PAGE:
Friday, April 15, 2011

The Palmer House

The Palmer House is truly amazing for a whole lot of reasons.  It's very old and has walls that could tell you quite the hair-raising tale;  it is also recently renovated (2009) with great respect for it's original splendour, detail  & glory.  Above is a sketch of the original building before the Great Chicago Fire of 1871 reduced it to rubble. That monstrous fire consumed almost 4 square miles of real estate on the Lake Michigan shoreline - claimed hundreds of lives and left about 90,000 people homeless.
It is considered to be the largest U.S disaster of the 19th century.  
From Wikipedia:
Another example of Chicago's rebirth from the Great Fire ashes is the now famed Palmer House hotel. The original building burned to the ground in the fire just 13 days after its grand opening. Without hesitating, Potter Palmer secured a loan and rebuilt the hotel in a lot across the street from the original, proclaiming it to be "The World's First Fireproof Building".
Hence my shot of the incredible maze of iron foldaway staircases in every alley downtown! 
Of 1639 rooms, we just happen to have the room FARTHEST removed from the elevators on the 17th floor.
This would not be so problematic if my hubby's left knee had not suddenly exploded with a very disagreeable & ill-timed arthritic flare-up and at which the notion of crutch or cane was quite frankly, dismissed. 
Since I cannot carry him - our walkabout Chicago is somewhat curtailed - neglected runners sitting accusingly in closet.  Now that he has bravely endured two days of major limpage thru McCormick Place without much improvement, we will have to make what remains of our city tour, a largely cab assisted survey.

Just have to say that 'hailing a cab' is somewhat exhilarating.  I absolutely reveled in that experience and look forward to several repeats of it in the next few days.  
We had to return early one evening from the conference so hubby could rest up and get some relief 
and some quiet supper that wasn't exactly cafeteria style :) 
I left him sitting in this eye-popping 'lounge' (pictured below) which is constantly abuzz with socialites while I waltzed about with camera in hand to secure my digital immortalization of the moment.
I went to this second level balcony to get a clear view of the lounge below...

The ceiling of this happening 'lounge' was painted by none other than the dude who also painted the ceiling in the Vatican.  Or something like that.  My source of that trivia is sleeping at the moment and Google is coming up dry on that particular detail - *sigh* you understand don't you?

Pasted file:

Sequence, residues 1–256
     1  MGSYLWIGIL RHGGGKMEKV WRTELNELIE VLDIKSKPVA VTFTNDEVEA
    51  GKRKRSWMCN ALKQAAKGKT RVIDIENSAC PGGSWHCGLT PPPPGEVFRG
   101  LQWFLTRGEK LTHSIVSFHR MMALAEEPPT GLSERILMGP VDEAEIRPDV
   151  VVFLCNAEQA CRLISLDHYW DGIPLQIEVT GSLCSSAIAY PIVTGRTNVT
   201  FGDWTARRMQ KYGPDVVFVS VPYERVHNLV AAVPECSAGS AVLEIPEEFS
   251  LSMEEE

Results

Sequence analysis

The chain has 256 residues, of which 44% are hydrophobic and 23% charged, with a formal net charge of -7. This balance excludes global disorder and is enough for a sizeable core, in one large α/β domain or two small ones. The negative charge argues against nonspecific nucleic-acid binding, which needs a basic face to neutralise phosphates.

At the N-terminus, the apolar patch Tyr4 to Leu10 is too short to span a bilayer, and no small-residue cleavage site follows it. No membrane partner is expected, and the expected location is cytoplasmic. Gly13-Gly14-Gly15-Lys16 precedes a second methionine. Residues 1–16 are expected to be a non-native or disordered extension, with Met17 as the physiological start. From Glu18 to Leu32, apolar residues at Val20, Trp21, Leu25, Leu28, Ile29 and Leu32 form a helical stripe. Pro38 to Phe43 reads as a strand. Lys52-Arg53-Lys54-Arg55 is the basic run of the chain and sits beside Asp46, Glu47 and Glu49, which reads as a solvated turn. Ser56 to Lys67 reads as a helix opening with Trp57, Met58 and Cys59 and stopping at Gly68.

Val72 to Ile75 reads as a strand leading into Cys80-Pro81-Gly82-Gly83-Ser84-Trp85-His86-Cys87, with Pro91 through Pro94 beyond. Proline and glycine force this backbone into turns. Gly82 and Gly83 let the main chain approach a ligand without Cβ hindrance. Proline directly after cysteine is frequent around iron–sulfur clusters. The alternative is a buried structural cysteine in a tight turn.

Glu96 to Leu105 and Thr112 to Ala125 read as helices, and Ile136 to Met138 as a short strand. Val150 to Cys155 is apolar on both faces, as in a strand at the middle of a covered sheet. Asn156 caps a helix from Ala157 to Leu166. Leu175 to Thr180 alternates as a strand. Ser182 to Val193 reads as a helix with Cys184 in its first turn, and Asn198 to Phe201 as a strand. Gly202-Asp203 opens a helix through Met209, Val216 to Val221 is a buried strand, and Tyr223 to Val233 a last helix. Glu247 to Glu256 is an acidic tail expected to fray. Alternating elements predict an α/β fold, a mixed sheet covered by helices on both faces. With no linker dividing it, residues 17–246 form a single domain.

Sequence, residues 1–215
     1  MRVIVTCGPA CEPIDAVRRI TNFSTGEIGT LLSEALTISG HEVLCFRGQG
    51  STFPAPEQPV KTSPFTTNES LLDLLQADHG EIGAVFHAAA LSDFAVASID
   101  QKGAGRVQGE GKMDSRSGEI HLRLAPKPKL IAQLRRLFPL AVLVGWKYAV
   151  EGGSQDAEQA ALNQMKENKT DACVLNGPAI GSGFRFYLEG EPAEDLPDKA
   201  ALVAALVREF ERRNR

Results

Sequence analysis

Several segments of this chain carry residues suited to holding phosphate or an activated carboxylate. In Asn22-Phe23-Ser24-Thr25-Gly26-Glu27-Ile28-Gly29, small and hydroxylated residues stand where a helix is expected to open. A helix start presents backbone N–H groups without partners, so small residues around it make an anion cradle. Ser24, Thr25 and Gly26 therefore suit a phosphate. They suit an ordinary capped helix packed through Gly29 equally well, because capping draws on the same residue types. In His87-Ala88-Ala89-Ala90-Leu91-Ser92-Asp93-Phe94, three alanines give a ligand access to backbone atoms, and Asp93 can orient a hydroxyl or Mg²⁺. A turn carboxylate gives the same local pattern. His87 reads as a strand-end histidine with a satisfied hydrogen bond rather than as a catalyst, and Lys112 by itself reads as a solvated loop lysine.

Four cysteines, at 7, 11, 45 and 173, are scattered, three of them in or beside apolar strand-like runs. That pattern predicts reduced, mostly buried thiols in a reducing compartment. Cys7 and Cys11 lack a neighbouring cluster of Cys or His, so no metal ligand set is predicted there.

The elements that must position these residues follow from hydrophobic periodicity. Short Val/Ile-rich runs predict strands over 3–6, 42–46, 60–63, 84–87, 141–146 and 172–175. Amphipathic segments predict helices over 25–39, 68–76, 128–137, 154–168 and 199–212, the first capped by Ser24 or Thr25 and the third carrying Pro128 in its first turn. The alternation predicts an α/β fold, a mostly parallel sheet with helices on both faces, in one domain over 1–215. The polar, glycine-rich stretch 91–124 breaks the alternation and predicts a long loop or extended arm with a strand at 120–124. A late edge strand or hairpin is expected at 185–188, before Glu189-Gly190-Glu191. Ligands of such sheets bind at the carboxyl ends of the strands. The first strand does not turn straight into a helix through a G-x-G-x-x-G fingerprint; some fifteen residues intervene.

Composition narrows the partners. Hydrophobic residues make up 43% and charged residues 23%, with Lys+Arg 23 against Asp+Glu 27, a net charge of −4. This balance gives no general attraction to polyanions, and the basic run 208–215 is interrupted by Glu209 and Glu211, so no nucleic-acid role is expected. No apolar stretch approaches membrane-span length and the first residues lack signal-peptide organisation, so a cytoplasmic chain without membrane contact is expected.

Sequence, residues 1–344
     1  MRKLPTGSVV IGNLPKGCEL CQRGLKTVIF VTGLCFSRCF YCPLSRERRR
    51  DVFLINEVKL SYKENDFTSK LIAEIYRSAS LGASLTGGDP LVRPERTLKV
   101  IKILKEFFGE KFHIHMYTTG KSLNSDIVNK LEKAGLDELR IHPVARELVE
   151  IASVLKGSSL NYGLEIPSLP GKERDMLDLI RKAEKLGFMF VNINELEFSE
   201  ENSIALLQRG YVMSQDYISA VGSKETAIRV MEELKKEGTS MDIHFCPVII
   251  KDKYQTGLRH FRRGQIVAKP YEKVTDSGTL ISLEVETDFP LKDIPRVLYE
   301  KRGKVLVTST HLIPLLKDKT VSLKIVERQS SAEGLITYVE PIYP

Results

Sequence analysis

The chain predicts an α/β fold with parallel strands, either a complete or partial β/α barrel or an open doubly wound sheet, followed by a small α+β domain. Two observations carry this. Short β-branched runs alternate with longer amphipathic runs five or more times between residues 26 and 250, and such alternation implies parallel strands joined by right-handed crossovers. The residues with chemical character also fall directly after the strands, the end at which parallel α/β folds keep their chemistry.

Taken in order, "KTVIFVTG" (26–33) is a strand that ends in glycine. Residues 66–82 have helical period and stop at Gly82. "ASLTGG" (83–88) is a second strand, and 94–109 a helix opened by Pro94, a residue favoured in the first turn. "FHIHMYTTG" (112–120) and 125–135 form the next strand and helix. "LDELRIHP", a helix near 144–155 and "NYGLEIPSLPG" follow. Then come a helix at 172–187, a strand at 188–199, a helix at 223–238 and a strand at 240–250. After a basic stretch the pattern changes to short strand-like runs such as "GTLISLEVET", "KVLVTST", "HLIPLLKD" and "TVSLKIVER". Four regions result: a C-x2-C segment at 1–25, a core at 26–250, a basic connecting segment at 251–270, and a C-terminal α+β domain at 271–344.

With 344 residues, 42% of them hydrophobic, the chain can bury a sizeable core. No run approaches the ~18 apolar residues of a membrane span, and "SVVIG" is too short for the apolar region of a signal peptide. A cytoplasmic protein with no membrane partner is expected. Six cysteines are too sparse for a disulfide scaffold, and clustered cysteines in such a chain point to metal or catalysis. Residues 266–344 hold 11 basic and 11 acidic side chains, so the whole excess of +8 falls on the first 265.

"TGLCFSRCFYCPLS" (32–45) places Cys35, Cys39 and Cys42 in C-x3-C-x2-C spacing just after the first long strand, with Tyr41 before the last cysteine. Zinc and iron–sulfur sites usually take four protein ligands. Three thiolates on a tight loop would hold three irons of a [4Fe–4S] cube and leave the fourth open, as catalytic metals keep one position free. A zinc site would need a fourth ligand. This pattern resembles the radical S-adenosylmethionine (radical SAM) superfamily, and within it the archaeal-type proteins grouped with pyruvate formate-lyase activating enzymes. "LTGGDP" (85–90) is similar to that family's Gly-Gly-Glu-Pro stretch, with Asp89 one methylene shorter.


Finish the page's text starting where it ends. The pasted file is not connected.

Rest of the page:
Never mind that - Google Chrome uncovered something for us:

To understand why the Palmer House is so special, you need only enter the lobby. Its ceiling, resplendent with 21 panels of Greek mythological scenes that spring to life in rich paints and raised plaster, could rival that of the Sistine Chapel.
In fact, when the ceiling was restored a decade ago, it was at the hands of Liddo Lippe, the same master craftsman who repaired Michelangelo’s Vatican City masterpiece. Lippe worked flat on his back, raised on scaffolding, throughout the night so as not to disturb the guests. “We kind of made a show of him,” says Ken Price, the Palmer House’s director of public relations. “We’d roll out the scaffolding every evening around 9 and play Mozart while he worked on the ceiling."
Then there’s the Empire Room, reached via a prominent staircase in the lobby and through a set of black French doors. Open them, and you’re transported to another era, one where performers like Judy Garland, Ella Fitzgerald, and Liberace entertained diners on a stage so close you could touch it. Frank Sinatra’s career kicked off here when he appeared onstage with Tommy Dorsey, so unknown at the time that he wasn’t even on the bill. This room, with its dramatic gold-tinged Ionic columns and gilded friezes, also has been meticulously restored. “The room was completely regilded,” says Price. “Teams of artisans and craftsmen—a virtual army of people—worked on it for nearly half a year to bring back its original grandeur, guided by original drawings and vintage photos."

Alas - a lonely but locked grand piano crying to be played above the din of socialites below.
Where is Mozart now she muses with a twinge of regret?
... only the slightest of twinges mind you.  T'would be a far grander evil to be less than smitten for all the wonderful things my senses and soul have taken in --- not the least of which would be the music ministry of the Getty Band.
I know precisely where I am headed with the nourishment of the past three days.

Tomorrow?  Millenium Park (by cab?  hmmm....),  the Observatory and maybe
the shoreline boat cruise for the history tour.  Stay tuned!

1 comment:

  1. Hi Barry & Jo....looks like you are having a fabulous time in Chicago. The architecture and attention to detail in your shots is most amazing. I imagine the conference is over but enjoy your last days & "take care of that knee Larry boy!!!" If I was closer I'd offer you some "guaranteed to work meds"
    Take care & safe travels home!!


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